Talk to a fisherman about the best place to get a good lure and you will get various responses according to the turn of the angler.  Some will tell you to go to Bass Pro Shop because they have such a huge selection—everything you could ask for your fishing experience as well as a bunch of stuff you hadn’t even thought about needing before you walked in the door.

  Others would tell you to go to Walmart.  They have a decent selection of lures for many different kinds of fishing.  And of course they have low prices so you can buy more goodies for the same dollar.

  Then there are the folks who would tell you quickly that the large size of Bass Pro and the medium selection of Walmart can’t compare to the personal service of the local bait shop.  They know you, as well as all of their customers, by name.  They can order you any lure you like (try that at Walmart where they basically get only what the home office allows).  Besides, shopping at the bait shop is more in touch with the local economy.

  This is basically the same way many people feel about mega churches, medium sized churches, and small congregations.  Those who believe the mega churches are the way to go cite the many programs you can find there—some of which you never even thought about.  The medium church crowd will tell you that they have a good enough selection of programs (often only the ones endorsed by their association) but they are small enough to be more personal.

  And of course the small church admirers talk about the personal touch.  They all know one another’s names and can adapt their programs more easily to meet their congregants needs.  The smaller congregations are more in touch with their local community.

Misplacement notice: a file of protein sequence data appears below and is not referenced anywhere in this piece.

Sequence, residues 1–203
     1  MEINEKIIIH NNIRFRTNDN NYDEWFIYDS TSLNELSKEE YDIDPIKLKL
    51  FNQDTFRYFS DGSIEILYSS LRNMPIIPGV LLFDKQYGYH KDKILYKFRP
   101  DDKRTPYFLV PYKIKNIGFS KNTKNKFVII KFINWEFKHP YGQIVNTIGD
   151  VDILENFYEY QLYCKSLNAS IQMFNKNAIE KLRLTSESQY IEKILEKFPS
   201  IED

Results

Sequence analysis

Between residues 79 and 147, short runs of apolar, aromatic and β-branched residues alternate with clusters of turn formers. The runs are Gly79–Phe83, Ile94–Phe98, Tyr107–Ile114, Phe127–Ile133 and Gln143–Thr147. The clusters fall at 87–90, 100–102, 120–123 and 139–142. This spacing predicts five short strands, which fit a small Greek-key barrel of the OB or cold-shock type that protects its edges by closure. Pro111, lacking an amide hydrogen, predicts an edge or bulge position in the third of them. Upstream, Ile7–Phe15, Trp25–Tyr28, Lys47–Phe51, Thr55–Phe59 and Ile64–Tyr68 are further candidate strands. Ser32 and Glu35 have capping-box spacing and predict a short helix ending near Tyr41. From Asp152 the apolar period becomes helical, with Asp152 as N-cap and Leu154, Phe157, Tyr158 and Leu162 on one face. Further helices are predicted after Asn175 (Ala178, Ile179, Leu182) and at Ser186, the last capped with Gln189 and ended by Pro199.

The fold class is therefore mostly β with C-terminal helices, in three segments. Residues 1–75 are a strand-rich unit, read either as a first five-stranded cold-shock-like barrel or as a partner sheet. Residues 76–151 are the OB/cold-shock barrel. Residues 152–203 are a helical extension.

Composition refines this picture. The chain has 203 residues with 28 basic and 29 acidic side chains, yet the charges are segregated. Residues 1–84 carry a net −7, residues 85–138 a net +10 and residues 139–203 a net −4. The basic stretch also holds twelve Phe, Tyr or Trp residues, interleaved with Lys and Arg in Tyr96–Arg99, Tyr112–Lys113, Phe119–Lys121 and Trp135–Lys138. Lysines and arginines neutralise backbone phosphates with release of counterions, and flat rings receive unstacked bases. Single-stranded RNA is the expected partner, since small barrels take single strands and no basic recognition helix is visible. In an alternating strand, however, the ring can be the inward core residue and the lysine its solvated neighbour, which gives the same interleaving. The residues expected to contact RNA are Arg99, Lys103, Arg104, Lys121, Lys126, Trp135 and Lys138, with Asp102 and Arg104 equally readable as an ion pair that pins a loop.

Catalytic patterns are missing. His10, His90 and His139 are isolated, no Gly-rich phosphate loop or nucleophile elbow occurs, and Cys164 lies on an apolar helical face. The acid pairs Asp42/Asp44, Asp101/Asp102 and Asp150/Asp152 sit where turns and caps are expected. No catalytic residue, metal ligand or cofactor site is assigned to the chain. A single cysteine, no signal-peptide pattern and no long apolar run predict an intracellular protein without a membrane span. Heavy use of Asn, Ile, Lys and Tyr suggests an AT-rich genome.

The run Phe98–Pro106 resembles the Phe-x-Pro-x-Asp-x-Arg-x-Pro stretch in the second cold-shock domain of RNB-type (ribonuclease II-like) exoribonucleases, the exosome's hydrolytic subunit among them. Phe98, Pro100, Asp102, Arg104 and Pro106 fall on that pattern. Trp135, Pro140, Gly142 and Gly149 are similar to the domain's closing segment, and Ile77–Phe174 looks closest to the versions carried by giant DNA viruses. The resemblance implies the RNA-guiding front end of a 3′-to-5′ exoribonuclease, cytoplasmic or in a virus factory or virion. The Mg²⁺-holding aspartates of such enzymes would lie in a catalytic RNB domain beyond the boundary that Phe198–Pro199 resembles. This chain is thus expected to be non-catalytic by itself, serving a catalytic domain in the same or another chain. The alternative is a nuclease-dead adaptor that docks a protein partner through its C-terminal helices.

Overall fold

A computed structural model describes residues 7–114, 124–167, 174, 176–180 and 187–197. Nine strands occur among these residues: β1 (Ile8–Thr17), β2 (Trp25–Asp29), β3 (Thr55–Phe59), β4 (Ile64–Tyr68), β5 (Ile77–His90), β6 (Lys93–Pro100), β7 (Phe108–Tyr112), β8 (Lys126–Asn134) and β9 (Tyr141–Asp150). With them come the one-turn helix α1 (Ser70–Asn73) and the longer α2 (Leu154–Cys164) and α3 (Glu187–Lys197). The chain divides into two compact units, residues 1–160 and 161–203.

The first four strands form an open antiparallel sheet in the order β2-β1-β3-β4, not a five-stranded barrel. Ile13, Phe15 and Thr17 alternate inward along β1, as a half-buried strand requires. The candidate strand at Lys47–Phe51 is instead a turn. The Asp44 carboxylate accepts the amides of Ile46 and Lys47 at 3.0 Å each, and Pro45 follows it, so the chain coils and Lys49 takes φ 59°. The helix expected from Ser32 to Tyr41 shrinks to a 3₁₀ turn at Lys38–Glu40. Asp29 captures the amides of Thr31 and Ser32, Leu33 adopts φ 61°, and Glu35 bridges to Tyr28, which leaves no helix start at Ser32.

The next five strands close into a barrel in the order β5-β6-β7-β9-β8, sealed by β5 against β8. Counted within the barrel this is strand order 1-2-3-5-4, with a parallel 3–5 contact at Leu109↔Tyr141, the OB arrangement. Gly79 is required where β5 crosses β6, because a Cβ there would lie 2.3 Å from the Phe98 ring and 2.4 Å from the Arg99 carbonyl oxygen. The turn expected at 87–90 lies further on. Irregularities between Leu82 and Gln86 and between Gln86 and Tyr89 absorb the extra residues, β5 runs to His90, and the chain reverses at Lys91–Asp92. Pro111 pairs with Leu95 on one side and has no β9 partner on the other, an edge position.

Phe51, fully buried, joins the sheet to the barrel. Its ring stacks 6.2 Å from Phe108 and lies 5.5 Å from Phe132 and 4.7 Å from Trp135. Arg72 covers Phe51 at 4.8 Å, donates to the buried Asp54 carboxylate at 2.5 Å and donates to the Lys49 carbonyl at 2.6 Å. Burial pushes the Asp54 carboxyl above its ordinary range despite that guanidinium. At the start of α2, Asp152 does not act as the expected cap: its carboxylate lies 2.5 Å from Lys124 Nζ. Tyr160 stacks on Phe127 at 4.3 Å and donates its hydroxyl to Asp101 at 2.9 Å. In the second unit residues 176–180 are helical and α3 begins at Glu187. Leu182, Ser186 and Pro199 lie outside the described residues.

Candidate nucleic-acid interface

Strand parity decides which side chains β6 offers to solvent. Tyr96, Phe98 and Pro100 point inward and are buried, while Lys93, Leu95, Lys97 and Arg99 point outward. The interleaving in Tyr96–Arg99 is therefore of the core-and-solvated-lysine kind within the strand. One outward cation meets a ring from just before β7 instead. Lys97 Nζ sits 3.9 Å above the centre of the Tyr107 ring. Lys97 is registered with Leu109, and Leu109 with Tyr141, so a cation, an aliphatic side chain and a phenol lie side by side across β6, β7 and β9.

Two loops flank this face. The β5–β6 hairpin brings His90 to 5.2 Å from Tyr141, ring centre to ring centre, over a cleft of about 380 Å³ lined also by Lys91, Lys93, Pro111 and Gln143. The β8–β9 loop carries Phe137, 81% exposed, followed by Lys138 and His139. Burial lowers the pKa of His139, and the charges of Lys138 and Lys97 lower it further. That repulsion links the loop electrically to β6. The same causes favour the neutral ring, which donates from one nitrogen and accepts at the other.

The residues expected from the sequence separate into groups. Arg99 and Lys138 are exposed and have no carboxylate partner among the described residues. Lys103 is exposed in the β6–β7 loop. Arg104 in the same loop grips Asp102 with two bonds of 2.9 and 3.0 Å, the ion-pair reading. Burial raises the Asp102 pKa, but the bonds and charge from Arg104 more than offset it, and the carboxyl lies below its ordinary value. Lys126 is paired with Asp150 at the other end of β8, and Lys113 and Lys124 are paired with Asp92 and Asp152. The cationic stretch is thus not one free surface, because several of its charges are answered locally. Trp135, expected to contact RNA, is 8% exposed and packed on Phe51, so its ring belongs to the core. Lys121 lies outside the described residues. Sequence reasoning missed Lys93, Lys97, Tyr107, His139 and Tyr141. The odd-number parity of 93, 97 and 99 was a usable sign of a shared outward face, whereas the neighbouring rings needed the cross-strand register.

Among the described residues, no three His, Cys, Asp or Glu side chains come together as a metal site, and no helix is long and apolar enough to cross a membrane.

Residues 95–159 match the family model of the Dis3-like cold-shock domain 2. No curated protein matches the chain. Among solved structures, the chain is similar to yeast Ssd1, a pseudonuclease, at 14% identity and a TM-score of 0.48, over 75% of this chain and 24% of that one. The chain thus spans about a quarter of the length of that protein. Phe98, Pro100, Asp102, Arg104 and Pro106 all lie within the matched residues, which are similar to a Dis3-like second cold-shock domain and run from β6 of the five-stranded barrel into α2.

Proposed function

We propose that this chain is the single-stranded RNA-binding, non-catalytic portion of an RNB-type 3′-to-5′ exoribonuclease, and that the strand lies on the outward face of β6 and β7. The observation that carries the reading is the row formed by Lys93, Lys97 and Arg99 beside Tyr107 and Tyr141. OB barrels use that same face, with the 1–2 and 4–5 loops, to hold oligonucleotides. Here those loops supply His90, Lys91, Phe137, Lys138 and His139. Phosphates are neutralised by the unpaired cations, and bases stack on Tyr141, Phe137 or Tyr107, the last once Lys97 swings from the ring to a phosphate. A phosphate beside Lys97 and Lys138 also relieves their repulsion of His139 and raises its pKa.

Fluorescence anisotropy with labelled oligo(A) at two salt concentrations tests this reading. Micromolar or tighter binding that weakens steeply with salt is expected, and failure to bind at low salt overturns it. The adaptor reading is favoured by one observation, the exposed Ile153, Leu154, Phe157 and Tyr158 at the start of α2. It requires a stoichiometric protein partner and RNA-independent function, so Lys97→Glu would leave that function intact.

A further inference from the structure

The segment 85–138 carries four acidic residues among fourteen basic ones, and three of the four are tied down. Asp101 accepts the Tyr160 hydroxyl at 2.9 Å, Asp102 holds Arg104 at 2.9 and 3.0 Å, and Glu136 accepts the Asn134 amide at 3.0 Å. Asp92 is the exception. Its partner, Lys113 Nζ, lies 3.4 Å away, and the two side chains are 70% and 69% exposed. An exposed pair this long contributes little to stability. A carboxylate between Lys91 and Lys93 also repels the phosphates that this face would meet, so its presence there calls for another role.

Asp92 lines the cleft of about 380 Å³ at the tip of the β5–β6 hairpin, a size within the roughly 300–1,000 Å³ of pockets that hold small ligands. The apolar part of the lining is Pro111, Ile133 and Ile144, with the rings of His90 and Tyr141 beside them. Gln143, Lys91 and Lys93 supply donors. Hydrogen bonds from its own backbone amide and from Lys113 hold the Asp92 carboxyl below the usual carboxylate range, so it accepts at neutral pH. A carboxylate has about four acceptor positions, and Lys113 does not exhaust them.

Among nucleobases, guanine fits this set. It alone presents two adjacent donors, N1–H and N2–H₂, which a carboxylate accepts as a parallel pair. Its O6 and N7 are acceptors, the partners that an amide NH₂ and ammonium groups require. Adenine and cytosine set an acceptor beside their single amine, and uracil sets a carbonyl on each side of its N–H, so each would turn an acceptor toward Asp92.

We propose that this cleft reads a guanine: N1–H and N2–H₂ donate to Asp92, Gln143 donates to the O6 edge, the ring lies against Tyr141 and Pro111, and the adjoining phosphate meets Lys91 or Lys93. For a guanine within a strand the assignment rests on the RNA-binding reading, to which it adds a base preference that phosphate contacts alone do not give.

The result is often a competition, at least in the minds of the church folks, for members from the community.  Pride in what God is doing in your midst is a good thing.  But seeing other churches as someone you have to “beat out” for people is unbiblical and unhealthy.  It is okay, even expected for fishing lure stores to fight for the dollars out there.  But it is never good for churches to be in this position.

  We are in a fight—a fight for souls.  And our adversary is the devil, not our brothers and sisters in Christ.  In reality, our world needs all kinds of churches to reach all kinds of people.  No small church should ever feel inferior to a mega congregation.

  The first small church I pastored was in a rural area close to a town with a church with large bus ministry.  Naturally they sent a bus out in our community each Sunday to pick up children.  Some of my people resented it.  One even told me that if they really cared about helping others they would use their resources to run their buses and drop the riders off at smaller churches like ours!  Of course she overlooked the fact that the kids on that bus wanted to go to the big church with the stuff they knew they would get there.  And she should be glad that these kids had been reached by someone.

  She didn’t see it that way because she saw it as a competition—us against the big church.  But our fight is against the powers of darkness.  The small church will shine brighter when its people learn to accept the role that all of God’s congregations play in moving His kingdom forward.

  Don’t get caught up in worldly battles with other churches.  Rejoice in God’s blessings on yours and be the best expression of the bride of Christ on earth you can be while praising the Lord for His work in others as well.